Hartford is situated in Hartford County, Connecticut. It has a population of over 124,062, which has grown by 2.0% in the past ten years. The cost of living index in Hartford, 104, is above the national average. New single-family homes in Hartford cost $82,500 on average, which is far less than the state average. In 2008, eight new homes were constructed in Hartford, down from twelve the previous year.

The three big industries for women in Hartford are health care, finance and insurance, and educational services. For men, it is administrative and support and waste management services, construction, and accommodation and food services. The average commute to work is about 24 minutes. More than 12.4% of Hartford residents have a bachelor's degree, which is lower than the state average. The percentage of residents with a graduate degree, 5.2%, is lower than the state average.

The unemployment rate in Hartford is 14.4%, which is greater than Connecticut's average of 8.3%.

The percentage of Hartford residents that are affiliated with a religious congregation, 57.4%, is more than both the national and state average. Our Lady of Sorrows Church, All Saints Orthodox Church and Sacred Heart Church are all churches located in Hartford. The largest religious groups are the Catholic Church, the United Church of Christ and the Episcopal Church.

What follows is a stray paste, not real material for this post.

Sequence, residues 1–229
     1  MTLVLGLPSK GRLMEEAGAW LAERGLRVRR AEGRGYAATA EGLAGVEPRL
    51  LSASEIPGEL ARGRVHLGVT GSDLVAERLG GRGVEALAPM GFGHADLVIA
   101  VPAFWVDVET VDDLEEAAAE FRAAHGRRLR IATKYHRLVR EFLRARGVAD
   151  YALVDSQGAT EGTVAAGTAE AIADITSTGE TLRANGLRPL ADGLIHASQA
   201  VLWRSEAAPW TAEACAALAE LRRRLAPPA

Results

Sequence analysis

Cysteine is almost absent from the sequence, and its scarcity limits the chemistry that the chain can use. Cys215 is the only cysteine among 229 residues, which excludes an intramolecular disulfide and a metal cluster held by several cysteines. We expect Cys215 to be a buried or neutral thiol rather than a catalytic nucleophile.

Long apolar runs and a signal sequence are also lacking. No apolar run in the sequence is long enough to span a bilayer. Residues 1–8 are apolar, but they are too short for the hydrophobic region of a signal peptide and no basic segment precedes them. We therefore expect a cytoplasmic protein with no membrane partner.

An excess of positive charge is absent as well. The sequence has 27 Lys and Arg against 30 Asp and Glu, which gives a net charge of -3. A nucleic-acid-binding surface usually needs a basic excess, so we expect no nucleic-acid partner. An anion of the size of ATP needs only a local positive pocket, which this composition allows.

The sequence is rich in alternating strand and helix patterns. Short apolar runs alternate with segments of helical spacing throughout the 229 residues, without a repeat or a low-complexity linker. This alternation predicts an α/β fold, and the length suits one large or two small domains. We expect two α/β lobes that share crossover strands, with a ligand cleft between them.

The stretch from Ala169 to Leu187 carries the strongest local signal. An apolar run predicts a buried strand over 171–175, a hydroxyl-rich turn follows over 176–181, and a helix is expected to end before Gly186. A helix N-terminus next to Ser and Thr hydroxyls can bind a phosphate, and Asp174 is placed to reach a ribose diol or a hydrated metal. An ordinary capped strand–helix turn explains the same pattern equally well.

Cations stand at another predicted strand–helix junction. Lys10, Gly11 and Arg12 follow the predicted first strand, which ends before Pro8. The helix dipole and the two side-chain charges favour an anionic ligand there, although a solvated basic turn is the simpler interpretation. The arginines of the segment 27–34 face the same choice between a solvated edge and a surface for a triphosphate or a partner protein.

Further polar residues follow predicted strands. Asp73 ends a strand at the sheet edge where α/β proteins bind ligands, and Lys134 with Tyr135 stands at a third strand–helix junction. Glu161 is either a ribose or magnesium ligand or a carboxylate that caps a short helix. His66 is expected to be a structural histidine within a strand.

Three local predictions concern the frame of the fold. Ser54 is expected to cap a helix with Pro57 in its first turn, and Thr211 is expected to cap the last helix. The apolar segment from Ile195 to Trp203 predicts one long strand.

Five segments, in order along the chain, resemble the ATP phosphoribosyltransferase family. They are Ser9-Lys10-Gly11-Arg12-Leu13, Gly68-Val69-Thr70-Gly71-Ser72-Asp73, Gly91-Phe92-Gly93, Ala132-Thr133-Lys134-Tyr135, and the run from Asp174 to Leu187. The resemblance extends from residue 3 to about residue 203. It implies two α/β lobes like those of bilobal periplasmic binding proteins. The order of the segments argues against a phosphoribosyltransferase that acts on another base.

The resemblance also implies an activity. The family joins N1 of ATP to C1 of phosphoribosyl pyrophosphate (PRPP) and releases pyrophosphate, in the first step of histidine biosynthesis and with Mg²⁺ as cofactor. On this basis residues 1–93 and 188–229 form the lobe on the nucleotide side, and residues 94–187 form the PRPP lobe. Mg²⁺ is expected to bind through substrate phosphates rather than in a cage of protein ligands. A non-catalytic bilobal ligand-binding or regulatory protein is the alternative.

Hartford is home to the Albany Avenue Branch Hartford Public Library and the North Meadows Industrial Park as well as Little Hollywood Historic District and West End North Historic District. Shopping malls in the area include Park Plaza Shopping Center, Pavillion at State House Shopping Center and Civic Center Mall Shopping Center.